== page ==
Above, a distant view of the West End Graded School from Trinity College, ~1905.
(Courtesy Durham County Library / North Carolina Collection)

(I had hoped to find a better picture of the school, but even DPS' archives - which I excitedly noted had a listing for West End Graded School - had only a copy of East End School labeled as West End.)


Sanborn Map showing the location of the school, 1913. Ferrell is now Maxwell, Milton is now Buchanan, and Spring is now Rome.


First Grade class, 1906
(Courtesy Durham County Library / North Carolina Collection)

Clement Richardson's 1913 paper about African-American life in Durham notes the education and financial success of the various school principals, including

"...PW Dawkins, principal of the West End Graded school, a graduate of Hampton, [18]86, [who] owns his home, six other houses, and eight vacant lots."

Additional history about the school is scant/non-existent from my research. It appears that population shifts changed the geographic/demographic conditions for the school during the 1920s, as again in 1927, the Plan for Durham states that

"The tributary population is decreasing owing to the fact that buildings are being torn down and the residents moving elsewhere. It is expected that the school will be abandoned in the near future."

Indeed, by 1937, the West End Graded School is gone, replaced by a smaller building, labelled "City Schools Supply Depot" on the Sanborn maps. The original graded schools were supplanted by an elementary/high school system, with Hillside finally offering education through 12th grade to African-American children by 1944.

Brookstown was mostly destroyed by the Durham Freeway in the 1970s, when the freeway was extended from Chapel Hill St. to Swift Avenue. A few houses remained on the north side of the freeway on the former Ferrell (now Maxwell St.) until just a few years ago, as Duke has slowly acquired and demolished the remaining housing. The entire area between Ferrell and the Freeway is now dirt parking lots for sundry Duke vehicles.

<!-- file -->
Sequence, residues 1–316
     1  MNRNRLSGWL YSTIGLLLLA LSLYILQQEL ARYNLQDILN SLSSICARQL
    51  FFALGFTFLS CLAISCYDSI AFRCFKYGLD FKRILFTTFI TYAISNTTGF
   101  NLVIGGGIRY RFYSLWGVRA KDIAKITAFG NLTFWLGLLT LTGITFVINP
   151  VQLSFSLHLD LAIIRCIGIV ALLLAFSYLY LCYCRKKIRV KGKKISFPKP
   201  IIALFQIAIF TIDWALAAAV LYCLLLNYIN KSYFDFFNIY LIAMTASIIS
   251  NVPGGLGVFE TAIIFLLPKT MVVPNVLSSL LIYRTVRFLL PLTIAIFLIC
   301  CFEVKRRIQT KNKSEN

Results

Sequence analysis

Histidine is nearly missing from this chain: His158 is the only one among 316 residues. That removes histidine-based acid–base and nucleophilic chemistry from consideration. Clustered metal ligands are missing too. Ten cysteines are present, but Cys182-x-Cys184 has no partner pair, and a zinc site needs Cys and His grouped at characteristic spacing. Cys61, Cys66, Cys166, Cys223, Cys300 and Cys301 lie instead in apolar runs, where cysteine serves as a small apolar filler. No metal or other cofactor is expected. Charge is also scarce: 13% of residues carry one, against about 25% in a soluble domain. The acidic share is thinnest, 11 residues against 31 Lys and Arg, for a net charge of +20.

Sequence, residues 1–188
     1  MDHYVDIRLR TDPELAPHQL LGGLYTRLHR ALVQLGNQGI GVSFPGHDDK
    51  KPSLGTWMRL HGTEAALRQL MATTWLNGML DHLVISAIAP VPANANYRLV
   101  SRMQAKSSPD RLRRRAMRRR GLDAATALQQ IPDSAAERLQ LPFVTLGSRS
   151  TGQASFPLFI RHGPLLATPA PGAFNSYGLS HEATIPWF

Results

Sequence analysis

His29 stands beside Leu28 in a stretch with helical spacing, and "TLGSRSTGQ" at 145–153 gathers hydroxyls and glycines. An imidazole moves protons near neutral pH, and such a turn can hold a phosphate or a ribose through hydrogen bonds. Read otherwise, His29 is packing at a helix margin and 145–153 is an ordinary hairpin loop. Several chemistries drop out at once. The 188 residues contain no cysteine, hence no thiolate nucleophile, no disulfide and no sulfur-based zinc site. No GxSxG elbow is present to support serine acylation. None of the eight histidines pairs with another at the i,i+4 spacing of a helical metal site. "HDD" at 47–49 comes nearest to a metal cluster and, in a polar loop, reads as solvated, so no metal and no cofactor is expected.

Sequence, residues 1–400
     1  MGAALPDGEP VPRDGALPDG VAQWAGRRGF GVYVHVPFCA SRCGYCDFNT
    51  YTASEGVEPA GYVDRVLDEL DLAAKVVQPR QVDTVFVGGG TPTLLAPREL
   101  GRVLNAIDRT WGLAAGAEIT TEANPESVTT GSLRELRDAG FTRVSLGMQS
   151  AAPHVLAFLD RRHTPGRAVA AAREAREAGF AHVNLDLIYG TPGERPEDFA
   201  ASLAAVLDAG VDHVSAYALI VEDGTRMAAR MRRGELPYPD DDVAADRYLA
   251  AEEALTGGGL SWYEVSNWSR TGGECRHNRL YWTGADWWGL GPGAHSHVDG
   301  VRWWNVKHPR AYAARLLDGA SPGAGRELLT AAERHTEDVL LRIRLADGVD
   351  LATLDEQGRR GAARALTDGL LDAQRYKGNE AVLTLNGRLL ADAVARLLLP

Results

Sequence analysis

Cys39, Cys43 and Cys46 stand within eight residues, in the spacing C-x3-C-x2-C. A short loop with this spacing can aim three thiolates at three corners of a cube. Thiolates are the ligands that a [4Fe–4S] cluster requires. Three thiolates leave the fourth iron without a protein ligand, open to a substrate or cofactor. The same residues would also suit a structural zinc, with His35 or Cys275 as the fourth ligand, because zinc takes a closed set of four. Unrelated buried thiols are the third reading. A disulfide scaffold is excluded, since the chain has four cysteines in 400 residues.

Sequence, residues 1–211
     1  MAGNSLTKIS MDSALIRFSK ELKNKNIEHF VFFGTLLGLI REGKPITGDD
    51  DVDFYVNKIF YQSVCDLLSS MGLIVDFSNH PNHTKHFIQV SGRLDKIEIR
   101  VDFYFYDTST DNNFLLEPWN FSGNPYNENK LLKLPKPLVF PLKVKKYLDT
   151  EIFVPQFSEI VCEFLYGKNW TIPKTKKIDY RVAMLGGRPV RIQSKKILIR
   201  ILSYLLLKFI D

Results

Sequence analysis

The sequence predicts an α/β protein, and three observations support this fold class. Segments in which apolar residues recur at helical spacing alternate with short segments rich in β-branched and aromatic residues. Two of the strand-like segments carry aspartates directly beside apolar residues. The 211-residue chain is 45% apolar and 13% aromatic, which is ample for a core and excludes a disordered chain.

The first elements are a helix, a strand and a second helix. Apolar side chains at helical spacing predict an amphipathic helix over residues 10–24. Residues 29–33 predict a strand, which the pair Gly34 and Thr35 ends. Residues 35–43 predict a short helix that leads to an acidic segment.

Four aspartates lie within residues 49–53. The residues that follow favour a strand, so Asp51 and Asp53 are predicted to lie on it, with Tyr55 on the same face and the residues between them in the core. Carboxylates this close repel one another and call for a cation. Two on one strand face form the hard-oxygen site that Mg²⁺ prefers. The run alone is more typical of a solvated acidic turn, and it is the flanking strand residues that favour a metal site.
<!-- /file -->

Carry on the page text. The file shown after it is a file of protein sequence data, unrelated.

Site of the West End Graded School, 04.23.08.

36.001676 -78.915205

Comments

Another awesome entry, Gary.

Folks, here are more old photographs of Brookstown...

http://owdna.org/History/history5.htm

The Durham Freeway went through a string of neighborhoods in western Durham. Starting near downtown: Brookstown (ends at Swift), Monkey Bottom (ends near Trent), Hickstown (to present-day Crest Street).

Many residents of Brookstown worked either in the tobacco factories or at Erwin Mills. Others worked at the Marvin Teer Brickyard located near Swift and Faber streets. The brickyard was later sold to Samuel Fitzgerald who operated the famous Fitzgerald Brickyard. According to historian Alice Eley Jones, Erwin Mills and several other factories in Durham were built using the famous Fitzgerald bricks. The old brickyard site is now Duke's Freeman Center for Jewish Life.

Did you run across anything mentioning the Stagville Colored School?

Betty

Not really within the purvey of my research for this post - sorry.

GK

Thanks anyway. I have a photo of students from that school, but haven't found anything about the school itself.